larval characters and the structure of the tympanal region’, though later he asserted that ‘I have an unsupported feeling that the Pantheinae and
Acronictinae are not closely related despite the similarity of their larvae’.
Speidel, Fänger & Naumann (1996) also treated the pantheines as a noctuid
subfamily, grouping them in a trichotomy with the Nolidae (as defined by
Kitching & Rawlins (1999 ) and by Holloway (1998a)) and a large clade
that includes the trifine subfamilies covered by Holloway (1989a) with the
Plusiinae and a few other small groups. There is an emerging consensus on the
broad composition of this clade, though disagreement over the membership of some
of the groups, particularly the Pantheinae (idae), though all place the
Acronictinae sensu stricto within it.
It is likely that the Pantheinae do not represent a monophyletic group, and
there is disagreement over which genera should be included. Speidel, Fänger
& Naumann (1996) included Dilobinae and Mominae in their concept: neither of
these groups is represented in Borneo. Kitching & Rawlins (1999 )
included all the Bornean genera in their Pantheidae, but placed Dilobinae in the
The Bornean pantheine species covered by Holloway (1985a) consist of three
rather dissimilar species in different genera, all with quadrifine hindwing
venation and conspicuously hairy eyes. Trichosea Grote may be related to Acronicta,
as discussed by Holloway. Elydnodes Hampson has genitalic features in
common with Trichosea and might best be grouped with that genus, wherever
it is finally placed.
The other two species, in the genera Anepholcia Prout & Talbot and Antitrisuloides
Holloway, together with Trisuloides Butler and Smilepholcia Prout
& Talbot, belong to a predominantly montane Indo-Australian assemblage of
rather large species with densely scaled, variegated forewings and orbicular
stigmata. The hindwings are yellow, bordered broadly with black interior to
yellow fringes. The relationships of this group require further investigation,
particularly with regard to the north temperate pantheine type genus, Panthea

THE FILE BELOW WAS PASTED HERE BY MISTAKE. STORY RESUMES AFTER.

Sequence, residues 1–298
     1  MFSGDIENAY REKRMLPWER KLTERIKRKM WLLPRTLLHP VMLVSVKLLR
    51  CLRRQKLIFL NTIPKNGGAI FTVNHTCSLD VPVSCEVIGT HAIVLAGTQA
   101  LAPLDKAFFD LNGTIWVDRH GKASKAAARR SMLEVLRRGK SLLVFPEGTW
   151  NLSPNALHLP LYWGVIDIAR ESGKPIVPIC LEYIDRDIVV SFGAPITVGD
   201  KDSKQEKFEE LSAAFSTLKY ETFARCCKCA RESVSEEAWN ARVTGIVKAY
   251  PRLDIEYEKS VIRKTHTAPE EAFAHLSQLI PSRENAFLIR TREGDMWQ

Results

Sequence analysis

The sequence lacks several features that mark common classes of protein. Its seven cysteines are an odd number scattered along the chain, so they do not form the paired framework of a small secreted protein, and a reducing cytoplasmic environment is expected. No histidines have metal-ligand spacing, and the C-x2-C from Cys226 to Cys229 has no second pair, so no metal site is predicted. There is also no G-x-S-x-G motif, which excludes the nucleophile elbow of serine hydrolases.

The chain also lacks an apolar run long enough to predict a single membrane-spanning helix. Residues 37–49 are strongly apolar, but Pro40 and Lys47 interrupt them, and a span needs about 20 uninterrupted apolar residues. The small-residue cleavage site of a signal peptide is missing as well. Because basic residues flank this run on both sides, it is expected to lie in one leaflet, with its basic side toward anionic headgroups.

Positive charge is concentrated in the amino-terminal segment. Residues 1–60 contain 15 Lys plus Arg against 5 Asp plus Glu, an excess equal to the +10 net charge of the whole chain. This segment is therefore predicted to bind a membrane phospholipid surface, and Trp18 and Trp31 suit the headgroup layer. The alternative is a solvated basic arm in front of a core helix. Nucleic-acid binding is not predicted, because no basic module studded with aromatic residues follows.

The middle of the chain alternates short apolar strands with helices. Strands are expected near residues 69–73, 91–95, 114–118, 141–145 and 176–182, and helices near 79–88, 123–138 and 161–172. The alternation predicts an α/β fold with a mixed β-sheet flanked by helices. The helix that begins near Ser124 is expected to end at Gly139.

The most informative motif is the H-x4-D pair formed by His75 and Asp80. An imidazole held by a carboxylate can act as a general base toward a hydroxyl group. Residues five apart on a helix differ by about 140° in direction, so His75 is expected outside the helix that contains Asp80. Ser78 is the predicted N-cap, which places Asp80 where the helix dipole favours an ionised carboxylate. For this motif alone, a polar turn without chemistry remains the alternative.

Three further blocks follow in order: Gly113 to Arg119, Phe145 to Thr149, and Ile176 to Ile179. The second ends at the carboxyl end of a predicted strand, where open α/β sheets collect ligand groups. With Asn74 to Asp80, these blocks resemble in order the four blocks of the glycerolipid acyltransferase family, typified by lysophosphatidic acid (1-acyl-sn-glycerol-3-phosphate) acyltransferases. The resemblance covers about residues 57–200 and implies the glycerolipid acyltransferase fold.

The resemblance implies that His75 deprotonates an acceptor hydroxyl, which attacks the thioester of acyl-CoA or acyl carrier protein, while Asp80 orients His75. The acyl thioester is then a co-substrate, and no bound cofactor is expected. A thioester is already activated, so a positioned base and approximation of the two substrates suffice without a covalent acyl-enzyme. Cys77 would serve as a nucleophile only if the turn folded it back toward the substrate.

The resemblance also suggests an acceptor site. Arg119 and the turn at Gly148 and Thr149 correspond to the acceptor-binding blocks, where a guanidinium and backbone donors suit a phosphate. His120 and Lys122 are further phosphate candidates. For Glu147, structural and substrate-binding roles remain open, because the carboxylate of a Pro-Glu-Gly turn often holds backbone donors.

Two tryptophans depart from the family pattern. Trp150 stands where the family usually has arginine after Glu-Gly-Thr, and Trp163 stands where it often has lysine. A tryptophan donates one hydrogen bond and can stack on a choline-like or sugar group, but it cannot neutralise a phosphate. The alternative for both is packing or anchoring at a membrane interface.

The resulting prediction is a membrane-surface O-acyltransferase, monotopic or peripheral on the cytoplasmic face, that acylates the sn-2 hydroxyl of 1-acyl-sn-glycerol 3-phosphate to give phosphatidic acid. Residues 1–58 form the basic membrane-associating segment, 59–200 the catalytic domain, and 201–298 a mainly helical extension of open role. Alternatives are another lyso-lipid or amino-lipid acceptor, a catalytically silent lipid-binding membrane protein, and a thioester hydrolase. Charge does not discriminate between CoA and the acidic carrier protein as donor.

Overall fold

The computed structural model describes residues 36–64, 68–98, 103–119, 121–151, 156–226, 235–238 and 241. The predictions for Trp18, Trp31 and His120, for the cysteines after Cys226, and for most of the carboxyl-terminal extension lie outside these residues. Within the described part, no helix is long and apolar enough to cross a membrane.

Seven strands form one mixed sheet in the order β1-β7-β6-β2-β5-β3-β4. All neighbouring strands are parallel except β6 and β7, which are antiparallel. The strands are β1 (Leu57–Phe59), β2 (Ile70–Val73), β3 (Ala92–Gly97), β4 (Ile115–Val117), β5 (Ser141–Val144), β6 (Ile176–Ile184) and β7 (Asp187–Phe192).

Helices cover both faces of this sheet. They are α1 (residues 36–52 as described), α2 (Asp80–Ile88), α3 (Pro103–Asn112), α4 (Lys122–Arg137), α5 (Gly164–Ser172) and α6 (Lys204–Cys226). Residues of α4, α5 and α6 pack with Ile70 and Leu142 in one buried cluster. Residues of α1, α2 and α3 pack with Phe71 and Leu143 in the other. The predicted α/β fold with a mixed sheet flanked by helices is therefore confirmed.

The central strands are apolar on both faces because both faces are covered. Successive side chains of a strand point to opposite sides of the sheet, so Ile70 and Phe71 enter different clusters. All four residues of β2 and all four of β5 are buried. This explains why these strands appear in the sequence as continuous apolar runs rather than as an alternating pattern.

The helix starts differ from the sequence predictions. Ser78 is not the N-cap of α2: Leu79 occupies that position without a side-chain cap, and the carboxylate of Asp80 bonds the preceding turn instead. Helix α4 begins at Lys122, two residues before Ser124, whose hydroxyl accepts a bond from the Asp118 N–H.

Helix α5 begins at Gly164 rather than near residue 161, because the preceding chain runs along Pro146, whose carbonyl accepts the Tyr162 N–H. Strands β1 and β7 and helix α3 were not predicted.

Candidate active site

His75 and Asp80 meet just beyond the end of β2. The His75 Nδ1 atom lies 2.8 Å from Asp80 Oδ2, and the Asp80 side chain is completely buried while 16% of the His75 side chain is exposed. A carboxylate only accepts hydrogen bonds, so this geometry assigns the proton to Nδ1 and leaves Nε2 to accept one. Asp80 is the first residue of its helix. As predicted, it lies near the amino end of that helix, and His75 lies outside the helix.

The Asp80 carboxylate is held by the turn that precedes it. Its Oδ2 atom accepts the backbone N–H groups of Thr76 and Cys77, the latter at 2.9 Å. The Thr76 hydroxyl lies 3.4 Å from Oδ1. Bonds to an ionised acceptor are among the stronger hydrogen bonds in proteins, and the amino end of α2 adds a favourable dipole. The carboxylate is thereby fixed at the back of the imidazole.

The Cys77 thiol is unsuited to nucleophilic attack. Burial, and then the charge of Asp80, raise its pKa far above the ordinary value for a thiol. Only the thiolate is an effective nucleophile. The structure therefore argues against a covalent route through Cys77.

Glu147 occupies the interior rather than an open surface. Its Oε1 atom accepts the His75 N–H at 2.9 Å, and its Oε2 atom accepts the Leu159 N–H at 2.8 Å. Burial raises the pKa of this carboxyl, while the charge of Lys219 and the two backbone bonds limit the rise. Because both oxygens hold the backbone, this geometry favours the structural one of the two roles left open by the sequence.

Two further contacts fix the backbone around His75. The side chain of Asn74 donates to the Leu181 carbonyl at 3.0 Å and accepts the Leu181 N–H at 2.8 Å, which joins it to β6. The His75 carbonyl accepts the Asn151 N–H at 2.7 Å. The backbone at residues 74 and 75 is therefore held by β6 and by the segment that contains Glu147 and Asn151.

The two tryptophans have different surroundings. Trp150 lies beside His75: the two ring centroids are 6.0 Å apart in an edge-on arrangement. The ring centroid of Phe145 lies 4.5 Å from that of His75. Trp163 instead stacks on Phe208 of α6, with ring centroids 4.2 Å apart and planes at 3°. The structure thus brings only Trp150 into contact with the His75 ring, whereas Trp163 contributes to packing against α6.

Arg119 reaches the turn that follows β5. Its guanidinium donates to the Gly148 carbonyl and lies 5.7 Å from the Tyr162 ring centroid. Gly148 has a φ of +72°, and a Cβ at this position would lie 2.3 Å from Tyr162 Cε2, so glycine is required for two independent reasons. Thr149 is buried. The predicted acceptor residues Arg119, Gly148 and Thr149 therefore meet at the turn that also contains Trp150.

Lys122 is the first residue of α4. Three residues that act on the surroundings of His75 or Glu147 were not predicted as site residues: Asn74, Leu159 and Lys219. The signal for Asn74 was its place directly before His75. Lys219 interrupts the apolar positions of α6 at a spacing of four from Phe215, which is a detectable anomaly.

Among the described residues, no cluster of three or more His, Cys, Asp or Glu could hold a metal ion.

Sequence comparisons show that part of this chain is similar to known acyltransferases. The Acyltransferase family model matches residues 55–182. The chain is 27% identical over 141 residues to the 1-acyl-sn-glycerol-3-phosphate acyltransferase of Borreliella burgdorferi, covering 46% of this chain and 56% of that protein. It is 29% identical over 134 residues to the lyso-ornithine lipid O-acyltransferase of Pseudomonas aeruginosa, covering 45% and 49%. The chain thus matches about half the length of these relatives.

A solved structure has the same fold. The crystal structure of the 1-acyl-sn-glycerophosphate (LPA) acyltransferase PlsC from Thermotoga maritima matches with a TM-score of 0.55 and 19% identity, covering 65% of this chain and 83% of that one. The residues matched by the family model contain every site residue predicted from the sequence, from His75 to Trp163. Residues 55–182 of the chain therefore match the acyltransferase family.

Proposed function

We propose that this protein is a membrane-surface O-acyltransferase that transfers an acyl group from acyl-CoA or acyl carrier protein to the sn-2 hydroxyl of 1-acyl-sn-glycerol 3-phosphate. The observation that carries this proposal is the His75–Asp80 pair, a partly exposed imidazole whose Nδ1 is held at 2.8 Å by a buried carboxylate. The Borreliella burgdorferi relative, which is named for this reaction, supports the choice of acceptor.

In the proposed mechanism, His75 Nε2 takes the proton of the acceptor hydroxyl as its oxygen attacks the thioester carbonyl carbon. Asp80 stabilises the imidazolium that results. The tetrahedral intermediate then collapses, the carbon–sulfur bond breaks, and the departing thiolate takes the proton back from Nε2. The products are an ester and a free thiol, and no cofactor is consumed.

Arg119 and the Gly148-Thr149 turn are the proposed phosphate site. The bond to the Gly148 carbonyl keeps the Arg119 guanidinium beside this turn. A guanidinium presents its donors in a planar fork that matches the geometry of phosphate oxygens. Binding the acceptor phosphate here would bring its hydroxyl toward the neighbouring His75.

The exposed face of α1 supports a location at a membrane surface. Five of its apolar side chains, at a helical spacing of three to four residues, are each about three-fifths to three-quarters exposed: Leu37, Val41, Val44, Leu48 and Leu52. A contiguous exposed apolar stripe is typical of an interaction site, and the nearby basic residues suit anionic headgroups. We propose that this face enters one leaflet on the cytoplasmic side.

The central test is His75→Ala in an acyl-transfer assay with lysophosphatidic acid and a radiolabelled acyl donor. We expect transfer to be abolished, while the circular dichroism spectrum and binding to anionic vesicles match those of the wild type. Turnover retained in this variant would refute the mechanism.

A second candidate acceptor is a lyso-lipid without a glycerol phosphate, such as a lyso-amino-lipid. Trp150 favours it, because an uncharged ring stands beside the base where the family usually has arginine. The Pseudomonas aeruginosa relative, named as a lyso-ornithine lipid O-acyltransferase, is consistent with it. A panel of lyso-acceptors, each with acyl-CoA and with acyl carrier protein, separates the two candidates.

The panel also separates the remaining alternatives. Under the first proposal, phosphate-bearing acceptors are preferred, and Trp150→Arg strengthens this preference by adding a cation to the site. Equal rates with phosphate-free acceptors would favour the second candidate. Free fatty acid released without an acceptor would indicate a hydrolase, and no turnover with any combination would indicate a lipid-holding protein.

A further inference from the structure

Hübner. This will probably require discovery of the early stages. Kobes
(1985) has covered the slightly more diverse Sumatran pantheine fauna.
In conclusion, the precise relationships of the Lymantriidae within the
Noctuoidea are still unclear, but they may group with the Arctiidae, Nolidae and
possibly part of the Pantheidae in a sister-relationship with the bulk of the
groups currently placed in the Noctuidae (Kitching & Rawlins, 1999 ).
Recent molecular studies (Mitchell, 1998) strongly support a sister-relationship
between Lymantriidae and Arctiidae, but place these as sister to another pair of
taxa currently treated as Noctuidae subfamilies by Kitching & Rawlins (Aganainae
and Herminiinae) but by other authors (e.g. Common, 1990) as good families. The
molecular data also placed the Pantheinae with the trifine Noctuidae in a
The Arctiidae, Nolidae (Holloway, 1998) and Lymantriidae all have sound-
producing organs in all or a large number of their taxa, though the location of
these is different in each case. Kitching & Rawlins suggested that these
features might be serially homologous (sternal) and therefore provide some
evidence of relationship. Sound production in Noctuidae is mostly restricted to
trifine groups (Heliothinae, Agaristinae), where it involves foveate areas of
the forewings (Matthews, 1991); foveae also occur at the base of the forewings
of Amyna Guenée species (Acontiinae). Amongst the Catocalinae, Arcte Kollar
has a conspicuous strigil on the sixth abdominal tergite (Robinson, 1975).
As stated earlier, lymantriid larvae are, as a rule, highly polyphagous,
and this is general for all the tribes recognised here. The larvae are
predominantly arboreal defoliators, but a few orgyiines and nygmiines also
attack herbaceous plants. In the former, the genera Psalis Hübner, Laelia
Stephens and Pantana Walker have become specialist on grasses and
reeds, the facies of the adults also reflecting this in its rather straw-like
The other instance of specialisation is by the leucomine genus Perina